Adsorption isotherms taken at temperatures ranging from 20 to 77 K show a large pore volume and surface area of 980 m2 g-1 for the physical adsorption of molecular hydrogen on MCM-41. The adsorbed hydrogen behaves more like a solid than a liquid and isosteric heats of adsorption reveal a heterogenous surface. The evaporation behaviour of the adsorbed hydrogen indicates that the hexagonally packed tubes in MCM-41 may be effectively interconnected into a single void space. Neutron inelastic scattering shows that molecular hydrogen exists in two sites in the pores of MCM-41. We designate as surface states those with a variety of weakly hindered rotational excitations centred at 11.8(2) meV and as bulk states, at high doping of H2, those which have narrow rotational excitations at 14.7(3) meV. These excitations are hardly changed from those of the free crystal in energy, energy width or momentum transfer dependence. Each type accounts for ca. 50% of the total pore volume. Strong hydrogen recoil scattering is also observed at momentum transfers above ca. 3 Å-1. Neutron diffraction from the filled sample at 1.9 K shows a single peak at 3.1 Å, characteristic of the H2-H2 correlations in bulk hydrogen. This peak is much weaker for the surface adsorbed species. The concentration dependence of this peak also shows a 1 : 1 division of void space between surface-adsorbed and bulk-like species. In addition we observe a separate peak at 14.38(3) Å, the hexagonal (21) of MCM-41 involving the silica framework, whose diffracted intensity changes dramatically with hydrogen doping, in a way inconsistent with a smooth walled, hexagonally packed mesopore. These data, together with previous X-ray diffraction data, provide information on silica density, absorbing surface and free volume projected onto the basal plane. The detail and complexity of the projection were unexpected. The data agree well with a model for which the silica in the walls is loosely interwoven, and occupies only 40% of the wall volume. The 35% silica surrounding the empty 7 Å hole as a 12.7 Å lining has a projected density of ca. 90% that of the walls. Either highly divided, 'hairy' walls or a structure like a highly defective variant of the MCM-48 structure would fit the data. The projection of smooth-walled but highly twisted channels onto a horizontal plane could give a density distribution equivalent to the highly porous silicate walls in straight channels.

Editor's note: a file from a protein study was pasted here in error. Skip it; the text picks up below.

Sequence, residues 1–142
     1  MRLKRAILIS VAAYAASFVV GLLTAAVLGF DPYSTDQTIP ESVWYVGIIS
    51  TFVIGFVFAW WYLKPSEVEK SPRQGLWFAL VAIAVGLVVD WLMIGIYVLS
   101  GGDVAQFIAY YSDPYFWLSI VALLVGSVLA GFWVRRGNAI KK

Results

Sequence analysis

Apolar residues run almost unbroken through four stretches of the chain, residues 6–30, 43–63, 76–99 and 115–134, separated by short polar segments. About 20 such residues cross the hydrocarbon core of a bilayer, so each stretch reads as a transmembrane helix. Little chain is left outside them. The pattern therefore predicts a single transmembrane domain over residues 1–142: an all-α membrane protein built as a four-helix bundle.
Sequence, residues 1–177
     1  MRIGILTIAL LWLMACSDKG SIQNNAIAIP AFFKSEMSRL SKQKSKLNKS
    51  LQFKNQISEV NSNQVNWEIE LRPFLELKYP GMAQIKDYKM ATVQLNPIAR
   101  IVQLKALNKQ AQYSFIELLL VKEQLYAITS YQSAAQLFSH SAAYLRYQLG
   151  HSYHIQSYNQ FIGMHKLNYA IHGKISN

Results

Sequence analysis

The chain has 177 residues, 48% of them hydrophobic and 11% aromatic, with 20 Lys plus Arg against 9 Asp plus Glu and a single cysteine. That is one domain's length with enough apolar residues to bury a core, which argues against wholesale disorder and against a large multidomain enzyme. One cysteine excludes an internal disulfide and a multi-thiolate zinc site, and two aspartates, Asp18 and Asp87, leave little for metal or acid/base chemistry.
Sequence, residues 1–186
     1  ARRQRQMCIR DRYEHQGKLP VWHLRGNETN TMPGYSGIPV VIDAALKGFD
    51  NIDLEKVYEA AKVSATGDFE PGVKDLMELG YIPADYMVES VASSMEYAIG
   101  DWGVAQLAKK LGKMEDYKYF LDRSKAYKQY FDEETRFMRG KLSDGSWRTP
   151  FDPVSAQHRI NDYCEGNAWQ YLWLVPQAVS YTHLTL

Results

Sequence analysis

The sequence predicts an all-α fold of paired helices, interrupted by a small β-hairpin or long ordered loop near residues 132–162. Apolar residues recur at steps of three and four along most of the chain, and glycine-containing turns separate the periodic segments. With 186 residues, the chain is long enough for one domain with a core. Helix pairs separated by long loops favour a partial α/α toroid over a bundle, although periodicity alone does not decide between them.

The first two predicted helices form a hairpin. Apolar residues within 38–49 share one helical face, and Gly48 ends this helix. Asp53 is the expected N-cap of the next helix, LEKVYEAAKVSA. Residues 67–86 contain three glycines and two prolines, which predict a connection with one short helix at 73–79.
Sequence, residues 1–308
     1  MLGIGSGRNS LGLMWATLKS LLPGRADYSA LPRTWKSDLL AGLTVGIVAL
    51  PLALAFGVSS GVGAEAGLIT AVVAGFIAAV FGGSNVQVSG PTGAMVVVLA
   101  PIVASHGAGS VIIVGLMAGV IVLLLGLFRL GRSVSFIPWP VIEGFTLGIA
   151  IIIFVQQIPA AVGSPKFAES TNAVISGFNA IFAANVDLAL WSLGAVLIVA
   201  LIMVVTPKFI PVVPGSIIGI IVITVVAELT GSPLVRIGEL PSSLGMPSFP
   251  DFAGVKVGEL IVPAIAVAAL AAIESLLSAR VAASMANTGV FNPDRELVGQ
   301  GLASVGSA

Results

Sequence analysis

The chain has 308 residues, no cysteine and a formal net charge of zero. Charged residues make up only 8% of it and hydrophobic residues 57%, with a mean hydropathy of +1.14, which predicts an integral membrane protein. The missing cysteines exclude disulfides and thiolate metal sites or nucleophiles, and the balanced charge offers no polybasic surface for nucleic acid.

|Number of pages||8|
|Journal||Journal of the Chemical Society - Faraday Transactions|
|Publication status||Published - 21 Apr 1997|
ASJC Scopus subject areas
- Physical and Theoretical Chemistry